US-Venezuela relations at a tipping point: investors bet on possible sanctions relief

Venezuelan President Nicolas Maduro at the Miraflores presidential palace in Caracas, July 2023.
Venezuelan President Nicolas Maduro at the Miraflores presidential palace in Caracas, July 2023. Copyright Matias Delacroix/AP
By Eleanor Butler
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Bonds in the South American nation of Venezuela are rising in value as rumours circulate about a possible rapprochement between Washington and Caracas. The US has shown its willingness to move, but will President Nicolás Maduro make concessions ahead of next year’s election?

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Investors are reacting positively to speculation that the US is planning to ease sanctions on Venezuela’s oil industry.

At the beginning of September, bonds were trading at 10 to 11 cents on the dollar, up from 8 to 9 cents.

President Joe Biden’s national security advisor Jake Sullivan has addressed predictions about sanctions relief, confirming that Washington is “prepared to engage in discussions [...] in return for concrete steps”, notably a free and fair election in Venezuela.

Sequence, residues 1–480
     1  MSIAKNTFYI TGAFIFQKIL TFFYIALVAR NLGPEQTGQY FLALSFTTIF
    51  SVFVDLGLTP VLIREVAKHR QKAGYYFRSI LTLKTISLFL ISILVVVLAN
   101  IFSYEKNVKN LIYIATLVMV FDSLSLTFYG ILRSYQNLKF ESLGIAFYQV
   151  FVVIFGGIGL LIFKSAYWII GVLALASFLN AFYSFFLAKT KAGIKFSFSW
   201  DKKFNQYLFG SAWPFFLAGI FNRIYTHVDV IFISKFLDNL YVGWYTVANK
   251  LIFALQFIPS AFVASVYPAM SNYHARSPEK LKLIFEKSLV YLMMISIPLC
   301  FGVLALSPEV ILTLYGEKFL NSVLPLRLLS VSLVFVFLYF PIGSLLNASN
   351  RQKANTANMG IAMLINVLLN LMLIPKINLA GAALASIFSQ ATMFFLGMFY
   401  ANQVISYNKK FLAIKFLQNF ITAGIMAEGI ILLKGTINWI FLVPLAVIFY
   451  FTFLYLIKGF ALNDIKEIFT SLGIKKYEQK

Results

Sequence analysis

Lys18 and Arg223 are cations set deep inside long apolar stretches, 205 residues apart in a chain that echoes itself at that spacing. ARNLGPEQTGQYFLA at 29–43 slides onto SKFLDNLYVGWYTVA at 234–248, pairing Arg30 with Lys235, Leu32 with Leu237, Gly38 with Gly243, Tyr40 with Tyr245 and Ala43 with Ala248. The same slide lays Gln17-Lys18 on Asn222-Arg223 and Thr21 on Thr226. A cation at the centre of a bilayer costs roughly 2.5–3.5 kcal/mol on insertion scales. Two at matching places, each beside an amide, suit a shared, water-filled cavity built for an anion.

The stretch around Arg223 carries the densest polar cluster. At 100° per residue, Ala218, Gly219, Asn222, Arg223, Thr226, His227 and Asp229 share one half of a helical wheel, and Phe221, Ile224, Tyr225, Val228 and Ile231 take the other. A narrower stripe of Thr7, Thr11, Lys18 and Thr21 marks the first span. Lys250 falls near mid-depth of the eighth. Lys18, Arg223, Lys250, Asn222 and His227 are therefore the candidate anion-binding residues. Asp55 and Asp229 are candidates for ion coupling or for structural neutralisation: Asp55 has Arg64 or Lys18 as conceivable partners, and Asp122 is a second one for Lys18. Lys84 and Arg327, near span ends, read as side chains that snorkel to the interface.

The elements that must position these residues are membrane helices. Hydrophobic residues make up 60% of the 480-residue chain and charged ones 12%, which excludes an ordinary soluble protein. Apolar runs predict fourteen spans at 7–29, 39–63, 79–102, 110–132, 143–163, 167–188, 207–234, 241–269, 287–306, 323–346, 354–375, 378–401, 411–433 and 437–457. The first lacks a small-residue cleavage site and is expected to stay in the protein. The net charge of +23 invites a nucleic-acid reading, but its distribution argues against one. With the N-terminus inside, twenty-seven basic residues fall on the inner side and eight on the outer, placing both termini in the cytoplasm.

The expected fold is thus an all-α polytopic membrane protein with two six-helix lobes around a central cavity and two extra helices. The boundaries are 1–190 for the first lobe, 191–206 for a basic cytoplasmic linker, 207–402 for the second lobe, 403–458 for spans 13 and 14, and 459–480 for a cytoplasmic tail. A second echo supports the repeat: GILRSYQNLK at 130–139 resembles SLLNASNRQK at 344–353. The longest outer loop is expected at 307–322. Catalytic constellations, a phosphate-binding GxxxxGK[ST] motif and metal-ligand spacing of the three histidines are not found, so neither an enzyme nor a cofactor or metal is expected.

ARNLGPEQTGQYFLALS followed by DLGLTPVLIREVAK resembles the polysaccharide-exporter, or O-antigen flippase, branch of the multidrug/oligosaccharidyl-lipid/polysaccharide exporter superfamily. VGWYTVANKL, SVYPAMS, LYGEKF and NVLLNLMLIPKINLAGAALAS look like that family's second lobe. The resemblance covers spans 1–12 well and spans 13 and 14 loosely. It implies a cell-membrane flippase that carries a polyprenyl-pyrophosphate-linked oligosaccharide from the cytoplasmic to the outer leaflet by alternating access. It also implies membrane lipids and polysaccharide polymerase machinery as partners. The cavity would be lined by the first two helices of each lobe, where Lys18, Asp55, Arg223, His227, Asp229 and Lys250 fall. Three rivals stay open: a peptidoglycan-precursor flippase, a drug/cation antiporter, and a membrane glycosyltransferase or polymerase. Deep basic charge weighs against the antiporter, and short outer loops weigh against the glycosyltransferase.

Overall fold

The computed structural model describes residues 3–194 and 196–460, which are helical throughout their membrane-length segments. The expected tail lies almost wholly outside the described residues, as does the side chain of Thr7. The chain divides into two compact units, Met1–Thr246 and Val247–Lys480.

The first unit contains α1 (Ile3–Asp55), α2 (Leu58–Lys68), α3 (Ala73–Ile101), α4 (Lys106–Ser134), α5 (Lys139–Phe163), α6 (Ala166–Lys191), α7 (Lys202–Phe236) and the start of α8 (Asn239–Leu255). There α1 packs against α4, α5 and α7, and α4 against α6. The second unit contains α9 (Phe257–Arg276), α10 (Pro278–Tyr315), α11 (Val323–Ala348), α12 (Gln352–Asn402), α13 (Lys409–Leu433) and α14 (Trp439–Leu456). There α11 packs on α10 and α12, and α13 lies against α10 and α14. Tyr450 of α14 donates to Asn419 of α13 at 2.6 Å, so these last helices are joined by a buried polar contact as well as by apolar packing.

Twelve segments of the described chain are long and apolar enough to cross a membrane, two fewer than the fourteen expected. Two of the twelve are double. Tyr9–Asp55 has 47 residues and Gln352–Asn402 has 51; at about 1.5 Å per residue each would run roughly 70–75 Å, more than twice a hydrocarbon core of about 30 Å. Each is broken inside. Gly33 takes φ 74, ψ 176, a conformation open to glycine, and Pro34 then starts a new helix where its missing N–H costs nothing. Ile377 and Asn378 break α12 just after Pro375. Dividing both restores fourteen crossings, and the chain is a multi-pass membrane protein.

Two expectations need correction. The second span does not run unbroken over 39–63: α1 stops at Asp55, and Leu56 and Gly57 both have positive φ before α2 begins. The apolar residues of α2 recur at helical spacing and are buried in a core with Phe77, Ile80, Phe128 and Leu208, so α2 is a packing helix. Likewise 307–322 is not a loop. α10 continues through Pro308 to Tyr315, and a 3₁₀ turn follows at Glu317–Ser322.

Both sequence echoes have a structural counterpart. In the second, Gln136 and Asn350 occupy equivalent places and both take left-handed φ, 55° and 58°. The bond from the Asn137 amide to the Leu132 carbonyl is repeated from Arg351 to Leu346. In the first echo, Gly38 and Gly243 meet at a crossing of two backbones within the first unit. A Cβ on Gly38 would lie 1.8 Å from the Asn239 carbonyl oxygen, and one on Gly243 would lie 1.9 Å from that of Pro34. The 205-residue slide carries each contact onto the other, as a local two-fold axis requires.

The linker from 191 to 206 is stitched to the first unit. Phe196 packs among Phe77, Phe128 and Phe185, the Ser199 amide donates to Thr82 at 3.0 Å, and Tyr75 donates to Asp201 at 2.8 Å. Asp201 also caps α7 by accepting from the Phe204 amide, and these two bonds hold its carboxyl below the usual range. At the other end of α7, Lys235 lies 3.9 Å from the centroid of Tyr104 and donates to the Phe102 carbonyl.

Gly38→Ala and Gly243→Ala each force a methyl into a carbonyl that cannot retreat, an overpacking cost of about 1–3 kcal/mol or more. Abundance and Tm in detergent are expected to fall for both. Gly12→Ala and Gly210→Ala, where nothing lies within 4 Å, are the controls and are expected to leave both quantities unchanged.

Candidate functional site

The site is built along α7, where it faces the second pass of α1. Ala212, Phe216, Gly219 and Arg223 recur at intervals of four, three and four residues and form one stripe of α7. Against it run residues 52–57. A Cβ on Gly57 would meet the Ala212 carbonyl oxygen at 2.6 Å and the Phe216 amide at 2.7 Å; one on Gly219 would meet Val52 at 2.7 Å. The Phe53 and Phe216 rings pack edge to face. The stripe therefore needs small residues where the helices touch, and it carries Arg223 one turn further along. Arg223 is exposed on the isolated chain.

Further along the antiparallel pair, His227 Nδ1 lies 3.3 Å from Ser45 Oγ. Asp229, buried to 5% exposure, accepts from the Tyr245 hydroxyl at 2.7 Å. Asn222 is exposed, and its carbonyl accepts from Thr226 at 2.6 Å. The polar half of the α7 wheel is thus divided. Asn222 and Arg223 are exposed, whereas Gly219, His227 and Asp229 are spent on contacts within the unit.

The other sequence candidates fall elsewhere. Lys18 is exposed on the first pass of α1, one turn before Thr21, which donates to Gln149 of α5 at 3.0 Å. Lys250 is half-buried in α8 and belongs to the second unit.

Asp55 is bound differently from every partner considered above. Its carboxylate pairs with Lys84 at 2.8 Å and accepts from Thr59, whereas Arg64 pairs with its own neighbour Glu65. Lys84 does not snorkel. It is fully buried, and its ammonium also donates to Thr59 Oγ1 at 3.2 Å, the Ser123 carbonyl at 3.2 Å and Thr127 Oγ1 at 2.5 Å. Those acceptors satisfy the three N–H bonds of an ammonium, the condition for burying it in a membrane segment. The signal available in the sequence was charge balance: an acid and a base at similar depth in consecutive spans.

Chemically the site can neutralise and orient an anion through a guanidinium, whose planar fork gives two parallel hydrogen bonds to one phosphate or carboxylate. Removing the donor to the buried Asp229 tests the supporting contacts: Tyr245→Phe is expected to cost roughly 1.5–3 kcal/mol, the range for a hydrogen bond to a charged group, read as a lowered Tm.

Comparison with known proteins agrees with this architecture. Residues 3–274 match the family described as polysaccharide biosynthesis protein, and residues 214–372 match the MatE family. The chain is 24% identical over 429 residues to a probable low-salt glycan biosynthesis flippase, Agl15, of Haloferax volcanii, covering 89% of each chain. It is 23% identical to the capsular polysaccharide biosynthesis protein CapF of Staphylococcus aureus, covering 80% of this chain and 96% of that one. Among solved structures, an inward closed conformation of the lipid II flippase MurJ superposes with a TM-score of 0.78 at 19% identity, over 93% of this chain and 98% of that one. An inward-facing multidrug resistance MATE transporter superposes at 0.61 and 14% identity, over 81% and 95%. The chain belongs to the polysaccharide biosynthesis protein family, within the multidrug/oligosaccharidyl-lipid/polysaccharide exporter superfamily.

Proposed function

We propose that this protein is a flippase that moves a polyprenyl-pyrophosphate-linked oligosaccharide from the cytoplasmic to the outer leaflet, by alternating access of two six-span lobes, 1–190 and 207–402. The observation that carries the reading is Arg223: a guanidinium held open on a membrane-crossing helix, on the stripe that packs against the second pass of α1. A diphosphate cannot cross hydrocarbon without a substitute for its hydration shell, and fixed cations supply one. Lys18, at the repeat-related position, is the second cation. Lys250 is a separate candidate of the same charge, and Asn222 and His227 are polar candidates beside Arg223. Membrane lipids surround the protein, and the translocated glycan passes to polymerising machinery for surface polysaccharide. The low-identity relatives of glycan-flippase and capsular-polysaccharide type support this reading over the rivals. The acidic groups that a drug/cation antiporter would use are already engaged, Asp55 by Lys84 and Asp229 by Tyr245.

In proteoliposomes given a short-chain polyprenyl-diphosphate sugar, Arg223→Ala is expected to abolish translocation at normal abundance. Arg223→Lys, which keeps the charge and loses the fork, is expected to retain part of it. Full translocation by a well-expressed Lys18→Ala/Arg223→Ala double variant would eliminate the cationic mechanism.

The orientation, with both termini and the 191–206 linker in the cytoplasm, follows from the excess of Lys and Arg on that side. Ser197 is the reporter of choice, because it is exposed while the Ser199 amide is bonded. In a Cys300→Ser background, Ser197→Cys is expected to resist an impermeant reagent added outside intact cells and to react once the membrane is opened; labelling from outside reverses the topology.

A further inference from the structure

A number of US sanctions on the South American nation date back over a decade but the Trump administration expanded these between 2017 and 2019 as part of a “maximum pressure” strategy against authoritarian President Nicolás Maduro.

Many Western nations contest the legitimacy of Venezuela’s 2018 presidential election and refuse to recognise its leader.

In an effort to topple Maduro, Washington froze Venezuelan foreign assets, banned oil from the country, and prohibited US citizens and companies from trading with state energy company PDVSA.

An unintended outcome and shifting alliances

Whilst seeking to oust Maduro, the Trump administration was also supporting replacement candidate Juan Guaidó, the then-leader of Venezuela’s opposition, interim government.

Yet despite this foreign backing, Venezuela's legislature voted to dissolve Guaidó’s government at the end of 2022, effectively ending his mandate.

“US sanctions had the objective of putting further pressure on Nicolas Maduro's government to assure government change,” said Amir Richani, energy and geopolitical analyst at Industrial Info Resources. “Now, that has not materialised. Instead, Maduro has instead cemented his position in power.”

Sanctions have also pushed Venezuela further towards Russia, China, and Iran, weakening Western leverage in the country.

Last week, China announced it was upgrading its diplomatic ties with Venezuela, and Maduro is also campaigning to join BRICS, an alliance between Brazil, Russia, India, China and South Africa.

So given the failures of the “maximum pressure” strategy, it looks like Washington could be softening its stance.

Last year, energy giant Chevron was given the green light to expand operations in Venezuela, and in January, the US granted a licence to Trinidad and Tobago to develop a major gas field in Venezuelan waters.